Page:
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Swing Hacks by Chris Adamson, Joshua Marinacci

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482
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Chapter 12, Miscellany
#96 Debug Components with a Custom Glass Pane
HACK
Screens and Glass
The first step is to create a sample screen for the glass pane to draw on top
of, as seen in Example 12-17.
This
main( ) method creates a frame with a few components and one nested
panel (called
panel). The ComponentGlassPane is declared as a subclass of
JComponent so it can be passed to the setGlassPane( ) method on the frame.
The glass pane is not visible initially, which produces the same behavior as if
it wasn’t even there. The activate button is used to make the glass pane
visible.
The next step is to create the
ComponentGlassPane constructor:
Example 12-17. A screen for the glass pane
public class ComponentGlassPane extends JComponent {
public static void main(String[] args) {
JFrame frame = new JFrame("Component Boundary Glasspane");
Container root = frame.getContentPane( );
root.setLayout(new BoxLayout(root,BoxLayout.Y_AXIS));
final JButton activate =
new JButton("Show component boundaries");
root.add(activate);
root.add(new JLabel("Juice Settings"));
JPanel panel = new JPanel( );
panel.setLayout(new BoxLayout(panel,BoxLayout.X_AXIS));
panel.add(new JLabel("Flavor"));
panel.add(new JTextField(" "));
root.add(panel);
frame.pack( );
frame.show( );
final ComponentGlassPane glass =
new ComponentGlassPane(frame);
frame.setGlassPane(glass);
activate.addActionListener(new ActionListener( ) {
public void actionPerformed(ActionEvent evt) {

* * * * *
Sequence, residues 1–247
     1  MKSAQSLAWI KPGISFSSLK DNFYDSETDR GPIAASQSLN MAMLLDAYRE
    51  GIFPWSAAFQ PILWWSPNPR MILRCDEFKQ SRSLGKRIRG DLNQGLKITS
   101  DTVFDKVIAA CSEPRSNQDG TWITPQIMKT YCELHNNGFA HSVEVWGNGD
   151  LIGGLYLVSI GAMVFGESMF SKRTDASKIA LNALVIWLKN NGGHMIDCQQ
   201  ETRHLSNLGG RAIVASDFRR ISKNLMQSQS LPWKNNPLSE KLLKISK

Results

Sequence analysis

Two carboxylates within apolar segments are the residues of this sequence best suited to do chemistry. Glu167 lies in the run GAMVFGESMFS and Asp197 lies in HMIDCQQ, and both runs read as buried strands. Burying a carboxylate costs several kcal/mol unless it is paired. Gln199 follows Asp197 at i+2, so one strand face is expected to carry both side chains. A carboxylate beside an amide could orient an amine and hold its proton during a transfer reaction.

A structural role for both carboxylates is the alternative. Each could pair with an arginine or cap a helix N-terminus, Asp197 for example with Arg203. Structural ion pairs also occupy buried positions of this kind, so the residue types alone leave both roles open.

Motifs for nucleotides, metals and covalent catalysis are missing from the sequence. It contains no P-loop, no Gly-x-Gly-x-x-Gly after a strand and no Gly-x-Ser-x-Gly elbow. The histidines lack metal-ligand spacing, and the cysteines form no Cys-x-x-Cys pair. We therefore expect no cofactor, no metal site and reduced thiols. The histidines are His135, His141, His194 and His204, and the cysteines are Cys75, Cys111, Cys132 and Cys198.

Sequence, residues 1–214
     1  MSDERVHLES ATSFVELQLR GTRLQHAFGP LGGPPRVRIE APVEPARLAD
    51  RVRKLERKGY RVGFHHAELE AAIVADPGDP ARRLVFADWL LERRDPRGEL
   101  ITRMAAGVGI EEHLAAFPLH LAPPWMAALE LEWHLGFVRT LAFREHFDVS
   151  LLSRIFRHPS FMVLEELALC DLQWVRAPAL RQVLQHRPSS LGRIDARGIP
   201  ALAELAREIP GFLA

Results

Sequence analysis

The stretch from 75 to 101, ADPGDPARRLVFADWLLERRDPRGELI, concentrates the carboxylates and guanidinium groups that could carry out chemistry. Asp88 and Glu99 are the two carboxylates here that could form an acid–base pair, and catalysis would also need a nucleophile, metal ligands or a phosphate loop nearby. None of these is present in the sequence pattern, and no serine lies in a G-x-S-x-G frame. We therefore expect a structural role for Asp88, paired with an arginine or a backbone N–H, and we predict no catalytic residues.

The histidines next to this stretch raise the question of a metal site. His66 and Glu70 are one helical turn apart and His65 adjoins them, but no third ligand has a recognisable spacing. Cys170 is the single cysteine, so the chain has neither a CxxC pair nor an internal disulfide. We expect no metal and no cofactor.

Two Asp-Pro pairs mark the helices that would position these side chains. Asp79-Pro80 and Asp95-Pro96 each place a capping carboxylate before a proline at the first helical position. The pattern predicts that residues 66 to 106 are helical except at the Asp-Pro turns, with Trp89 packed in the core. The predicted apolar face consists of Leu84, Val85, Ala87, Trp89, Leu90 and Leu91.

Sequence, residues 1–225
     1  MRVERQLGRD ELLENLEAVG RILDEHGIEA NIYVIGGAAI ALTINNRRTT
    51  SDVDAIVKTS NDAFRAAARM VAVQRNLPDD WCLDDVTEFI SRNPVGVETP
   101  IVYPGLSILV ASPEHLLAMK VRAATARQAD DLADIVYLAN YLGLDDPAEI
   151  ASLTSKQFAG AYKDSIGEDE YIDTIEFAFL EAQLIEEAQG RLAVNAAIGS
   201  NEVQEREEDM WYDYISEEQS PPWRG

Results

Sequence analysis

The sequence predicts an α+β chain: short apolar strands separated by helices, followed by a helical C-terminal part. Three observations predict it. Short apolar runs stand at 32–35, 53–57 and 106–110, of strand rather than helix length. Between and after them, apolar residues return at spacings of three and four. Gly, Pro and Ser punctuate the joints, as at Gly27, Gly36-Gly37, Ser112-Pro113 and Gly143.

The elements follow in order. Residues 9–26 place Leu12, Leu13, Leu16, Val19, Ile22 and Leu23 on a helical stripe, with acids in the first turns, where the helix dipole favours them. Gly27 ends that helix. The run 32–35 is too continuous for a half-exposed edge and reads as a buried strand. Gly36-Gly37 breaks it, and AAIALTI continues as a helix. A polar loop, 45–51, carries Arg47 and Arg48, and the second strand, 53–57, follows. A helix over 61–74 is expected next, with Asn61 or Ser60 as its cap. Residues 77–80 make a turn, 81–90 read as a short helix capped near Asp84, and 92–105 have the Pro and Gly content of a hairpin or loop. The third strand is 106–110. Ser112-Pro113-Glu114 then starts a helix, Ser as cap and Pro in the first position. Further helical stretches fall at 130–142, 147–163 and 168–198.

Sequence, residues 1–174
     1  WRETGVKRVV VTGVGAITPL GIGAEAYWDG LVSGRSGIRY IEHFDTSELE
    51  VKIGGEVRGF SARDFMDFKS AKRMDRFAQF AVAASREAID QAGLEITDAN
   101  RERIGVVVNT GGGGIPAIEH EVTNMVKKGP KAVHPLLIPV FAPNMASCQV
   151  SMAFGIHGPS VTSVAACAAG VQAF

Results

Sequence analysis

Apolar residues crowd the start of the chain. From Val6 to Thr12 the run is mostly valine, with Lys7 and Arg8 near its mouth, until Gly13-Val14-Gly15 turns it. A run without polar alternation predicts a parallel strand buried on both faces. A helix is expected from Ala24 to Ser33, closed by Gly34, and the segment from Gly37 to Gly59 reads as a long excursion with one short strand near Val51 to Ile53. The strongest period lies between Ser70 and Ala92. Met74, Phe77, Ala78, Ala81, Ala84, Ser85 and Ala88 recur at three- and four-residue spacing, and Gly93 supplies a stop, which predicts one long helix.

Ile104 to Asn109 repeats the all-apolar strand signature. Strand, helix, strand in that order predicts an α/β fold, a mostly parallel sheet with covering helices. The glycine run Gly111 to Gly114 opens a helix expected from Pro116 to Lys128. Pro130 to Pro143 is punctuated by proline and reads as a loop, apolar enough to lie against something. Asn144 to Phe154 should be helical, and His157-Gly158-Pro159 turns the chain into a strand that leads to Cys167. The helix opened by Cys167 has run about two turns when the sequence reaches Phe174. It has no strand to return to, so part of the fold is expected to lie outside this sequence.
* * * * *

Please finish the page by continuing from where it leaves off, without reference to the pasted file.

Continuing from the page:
glass.setVisible(true);
}
});
}
Debug Components with a Custom Glass Pane #96
Chapter 12, Miscellany
|
483
HACK
private JFrame frame;
private Point cursor;
public ComponentGlassPane(JFrame frame) {
this.frame = frame;
cursor = new Point( );
this.addMouseMotionListener(new MouseMotionAdapter( ) {
public void mouseMoved(MouseEvent evt) {
cursor = new Point(evt.getPoint( ));
ComponentGlassPane.this.repaint( );
}
});
this.addMouseListener(new MouseAdapter( ) {
public void mouseClicked(MouseEvent evt) {
ComponentGlassPane.this.setVisible(false);
}
});
}
This method saves the parent frame that was passed in, and it creates a new
point to store the cursor coordinates. Then it adds two mouse listeners to
itself. The first listener copies the current mouse coordinates into the cursor
object every time the mouse moves. It also requests a repaint, since the user
may have moved from one component to another, which would change the
currently visible label.
The second mouse listener simply waits for mouse clicks. If the user clicks
the mouse, then this listener turns off the visualization effect by hiding the
glass pane, and the screen goes back to normal.
So far this has all been pretty straightforward: create a custom
JComponent
and set it as the glass pane on a JFrame. Now comes the tricky part: painting
the translucent rectangles and labels. First, you need to override the
paint( )
method to retrieve the root component of the frame and pass it to the
rPaint( ) method:
public void paint(Graphics g) {
Container root = frame.getContentPane( );
rPaint(root,g);
}
rPaint( ) stands for recursive paint. It needs to recurse over the entire com-
ponent tree, painting a rectangle at each step and possibly drawing the label.
Because this is so complicated, I’ll take it in stages. Here is the initial por-
tion of the method:
private void rPaint(Component comp, Graphics g) {
int x = comp.getX( );
int y = comp.getY( );
g.translate(x,y);
cursor.translate(-x,-y);

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